The second in a series of blog posts of what the small business community learned from COVID-19. This week we are exploring what it takes to pivot successfully? And why can some businesses in the same industry do this better than others?
The word “pivot” was heard repeatedly throughout the pandemic. And while sometimes overused, it accurately describes the ability of a business to change course and adapt to a shifting environment.
While a global pandemic is hopefully a once-in-a-lifetime event, change is constant. New competition, changing consumer behavior, supply channel disruptions, technological advances, and shifting economic conditions mean that small businesses must be ready to change course quickly.
The good news is that small businesses are in a much better position to do this than big companies because of their size. After all, when the management team is small, it means faster decision-making. It also means knowing how to do more with less. Resourcefulness and creativity in the small business community have led to some of the greatest ideas in the marketplace.
What does it take to pivot successfully?
While there is no single reason why some businesses are better at this than others, stories gathered over the last year helped identify commonalities that are worth considering.
Flexible and Willing Attitude
Businesses that accept change as a normal part of life will be in a much better position to navigate and even profit from change. Adopting a growth mindset and being on the lookout for new opportunities will make it easier to pivot when challenges arise. This means being willing to add new products or services; offer new delivery methods or try a new marketing strategy —even when things seem to work just fine.
Creative Problem Solving
Business owners often think they’re responsible for coming up with all the answers. But creative problem-solving means listening to other people. The most successful businesses regularly solicit feedback from employees and customers and ask them for their ideas. Coming up with new solutions also means being empathetic by putting yourself in your customer’s shoes and asking what they need.
Your customers, employees, and vendors are your greatest advocates and they need to be kept informed. Communicating regularly and effectively makes it much easier to change course when you need to. During the pandemic, some small businesses just waited to see what happened and didn’t communicate. This forced customers to come to their own conclusions, sometimes assuming the business had closed and finally seeking out the competition. Even if you don’t have a perfect or fully formed answer it’s better to keep people in the loop. They’ll be more understanding when you change your prices, hours of operations, level of service, delivery times or other details.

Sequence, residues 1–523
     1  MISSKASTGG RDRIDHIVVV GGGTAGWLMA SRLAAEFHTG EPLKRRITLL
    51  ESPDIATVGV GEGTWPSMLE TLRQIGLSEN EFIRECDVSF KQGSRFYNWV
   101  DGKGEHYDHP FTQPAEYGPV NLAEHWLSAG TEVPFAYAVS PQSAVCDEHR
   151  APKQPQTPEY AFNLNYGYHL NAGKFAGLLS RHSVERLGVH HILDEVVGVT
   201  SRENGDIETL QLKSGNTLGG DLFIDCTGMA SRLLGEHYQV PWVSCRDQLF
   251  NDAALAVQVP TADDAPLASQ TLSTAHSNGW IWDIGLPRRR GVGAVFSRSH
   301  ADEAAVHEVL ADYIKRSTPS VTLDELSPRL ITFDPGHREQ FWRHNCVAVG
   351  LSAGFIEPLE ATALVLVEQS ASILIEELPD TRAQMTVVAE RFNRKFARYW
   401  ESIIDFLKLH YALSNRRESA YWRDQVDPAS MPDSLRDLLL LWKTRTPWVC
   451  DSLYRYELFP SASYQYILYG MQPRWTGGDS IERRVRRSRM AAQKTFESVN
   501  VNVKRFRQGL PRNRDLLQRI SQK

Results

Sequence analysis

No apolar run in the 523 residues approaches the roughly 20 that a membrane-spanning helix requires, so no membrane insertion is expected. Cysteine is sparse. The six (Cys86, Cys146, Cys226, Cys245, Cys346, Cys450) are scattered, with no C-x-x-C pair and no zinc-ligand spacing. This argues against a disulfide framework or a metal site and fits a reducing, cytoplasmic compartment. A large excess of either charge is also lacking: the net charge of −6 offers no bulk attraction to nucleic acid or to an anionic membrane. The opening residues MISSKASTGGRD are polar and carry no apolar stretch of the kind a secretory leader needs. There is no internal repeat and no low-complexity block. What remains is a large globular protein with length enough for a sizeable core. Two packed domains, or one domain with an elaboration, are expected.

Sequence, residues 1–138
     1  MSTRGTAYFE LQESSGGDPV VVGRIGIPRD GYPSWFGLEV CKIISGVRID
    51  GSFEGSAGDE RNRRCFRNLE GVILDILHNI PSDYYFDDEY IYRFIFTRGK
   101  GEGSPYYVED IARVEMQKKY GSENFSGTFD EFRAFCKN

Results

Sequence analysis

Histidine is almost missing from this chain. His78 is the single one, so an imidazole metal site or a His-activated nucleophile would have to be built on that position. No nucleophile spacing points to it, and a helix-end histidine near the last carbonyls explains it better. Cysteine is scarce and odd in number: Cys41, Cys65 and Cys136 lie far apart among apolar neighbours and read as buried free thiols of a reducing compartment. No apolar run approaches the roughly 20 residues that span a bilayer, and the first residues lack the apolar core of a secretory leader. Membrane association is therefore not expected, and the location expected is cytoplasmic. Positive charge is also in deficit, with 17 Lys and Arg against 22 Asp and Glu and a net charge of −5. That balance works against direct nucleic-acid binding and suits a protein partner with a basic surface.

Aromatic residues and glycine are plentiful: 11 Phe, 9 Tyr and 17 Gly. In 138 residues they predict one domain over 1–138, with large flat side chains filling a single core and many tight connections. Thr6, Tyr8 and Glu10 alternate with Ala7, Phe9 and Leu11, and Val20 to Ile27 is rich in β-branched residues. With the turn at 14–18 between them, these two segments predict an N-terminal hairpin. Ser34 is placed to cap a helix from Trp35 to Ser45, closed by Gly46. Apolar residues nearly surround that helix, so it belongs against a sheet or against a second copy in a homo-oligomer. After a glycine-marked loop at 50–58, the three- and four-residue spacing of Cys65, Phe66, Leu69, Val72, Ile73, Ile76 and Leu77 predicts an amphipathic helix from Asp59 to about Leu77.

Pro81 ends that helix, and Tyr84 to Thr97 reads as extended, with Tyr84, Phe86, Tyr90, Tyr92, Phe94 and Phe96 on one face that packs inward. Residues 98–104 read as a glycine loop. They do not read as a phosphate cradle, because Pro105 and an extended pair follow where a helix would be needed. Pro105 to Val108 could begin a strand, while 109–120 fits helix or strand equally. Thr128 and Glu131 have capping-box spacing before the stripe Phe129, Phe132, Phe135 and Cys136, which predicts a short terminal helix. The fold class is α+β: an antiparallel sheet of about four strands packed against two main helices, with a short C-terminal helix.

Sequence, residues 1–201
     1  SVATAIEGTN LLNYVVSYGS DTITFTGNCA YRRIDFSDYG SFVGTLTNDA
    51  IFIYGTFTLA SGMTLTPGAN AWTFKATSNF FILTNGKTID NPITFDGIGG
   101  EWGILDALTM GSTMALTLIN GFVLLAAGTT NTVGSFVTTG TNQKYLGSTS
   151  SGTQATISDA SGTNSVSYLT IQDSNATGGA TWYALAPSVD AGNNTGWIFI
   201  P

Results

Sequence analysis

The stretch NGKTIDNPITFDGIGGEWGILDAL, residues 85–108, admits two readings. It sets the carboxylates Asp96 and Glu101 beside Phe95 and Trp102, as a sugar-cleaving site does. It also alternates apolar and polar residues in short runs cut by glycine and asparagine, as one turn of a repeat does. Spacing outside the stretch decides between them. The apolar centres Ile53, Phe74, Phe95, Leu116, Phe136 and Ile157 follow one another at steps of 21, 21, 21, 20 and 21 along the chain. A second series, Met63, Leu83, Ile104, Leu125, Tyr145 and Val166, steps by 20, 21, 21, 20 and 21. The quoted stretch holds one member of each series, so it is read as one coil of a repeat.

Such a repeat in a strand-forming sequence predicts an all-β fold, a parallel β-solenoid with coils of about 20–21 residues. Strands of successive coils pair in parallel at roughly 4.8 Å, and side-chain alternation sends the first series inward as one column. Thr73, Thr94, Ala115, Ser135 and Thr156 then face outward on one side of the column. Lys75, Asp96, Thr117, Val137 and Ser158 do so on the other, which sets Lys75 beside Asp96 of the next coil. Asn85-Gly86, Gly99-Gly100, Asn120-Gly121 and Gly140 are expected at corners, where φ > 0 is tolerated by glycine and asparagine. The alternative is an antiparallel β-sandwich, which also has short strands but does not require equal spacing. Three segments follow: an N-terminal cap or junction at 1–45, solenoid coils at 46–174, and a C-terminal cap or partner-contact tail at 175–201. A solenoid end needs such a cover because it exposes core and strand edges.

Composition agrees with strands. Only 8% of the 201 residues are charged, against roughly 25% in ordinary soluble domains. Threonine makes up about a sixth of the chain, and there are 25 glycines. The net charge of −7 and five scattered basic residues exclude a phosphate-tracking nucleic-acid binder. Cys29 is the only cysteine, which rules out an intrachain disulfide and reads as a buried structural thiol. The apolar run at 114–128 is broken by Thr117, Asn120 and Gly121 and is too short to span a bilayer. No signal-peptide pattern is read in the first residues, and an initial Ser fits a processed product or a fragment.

Rapidly changing technology can be tough to keep up with and demands constant learning. But being ahead of the curve will set you up for a successful pivot. For example, customers now expect touchless payment methods or the ability to buy your product online and have it delivered. These changes are here to stay and businesses that don’t offer these options are likely to turn customers away. Take the time to observe the trends in your industry and create a line item on your budget for inevitable software and hardware upgrades.
Resourcefulness, Relationships and Collaboration
Most small businesses are used to being resourceful and making do with less. But a resourceful mindset means taking stock of what you have and thinking of new ways to use it. For many businesses, their greatest asset is the relationships they have with others. During the pandemic, this led businesses to work collaboratively to come up with new products and services, and has led to entirely new ideas that are here to stay.
Complimentary Revenue Streams
Businesses that relied heavily on one product or service or one customer base found themselves scrambling during the pandemic. Farms and food producers who relied on the restaurant industry had an especially hard time. Identifying and having a niche in your industry and knowing who your customers are, is essential. But identifying products or services that compliment your mission can expand your customer base and set you up for greater stability.
What does pivoting look like in real life?
Check out these stories from Maine SBDC clients who show what pivoting looks like in real life.
Tunetown Music Gear
John and Pam Edwards, owners of Tunetown Music Gear had to stop all retail and in-person music lessons at the start of the pandemic. They pivoted by offering curbside pickup, home delivery, and virtual live music lessons. They credit their success to customer support and communications, creative problem solving, and offering complementary products to increase revenue. Read more about Tunetown here.
Erica Archer, owner of WineWise, a business that offers in-person wine, food and spirits-based experiences, worked with her SBDC counselor to brainstorm ideas to keep her business going during Covid 19. The key to her success has been collaborating with others. Learn more about Erika’s story here.
Rhonda Feiman, Acupuncturist
When the pandemic started, Rhonda Feiman was unable to offer her services as an acupuncturist to her long-time clients. Rhonda’s ability to think creatively and a willingness to be flexible have helped her clients and her business. Read more about Rhonda here. You can also read about Rhonda in the Bangor Daily News!
Stacey and Jesse Coleman changed their business model faster than most businesses in the fitness industry. They credit their success to the use and understanding of technology, as well as good communication with customers and staff. Learn more about them here.
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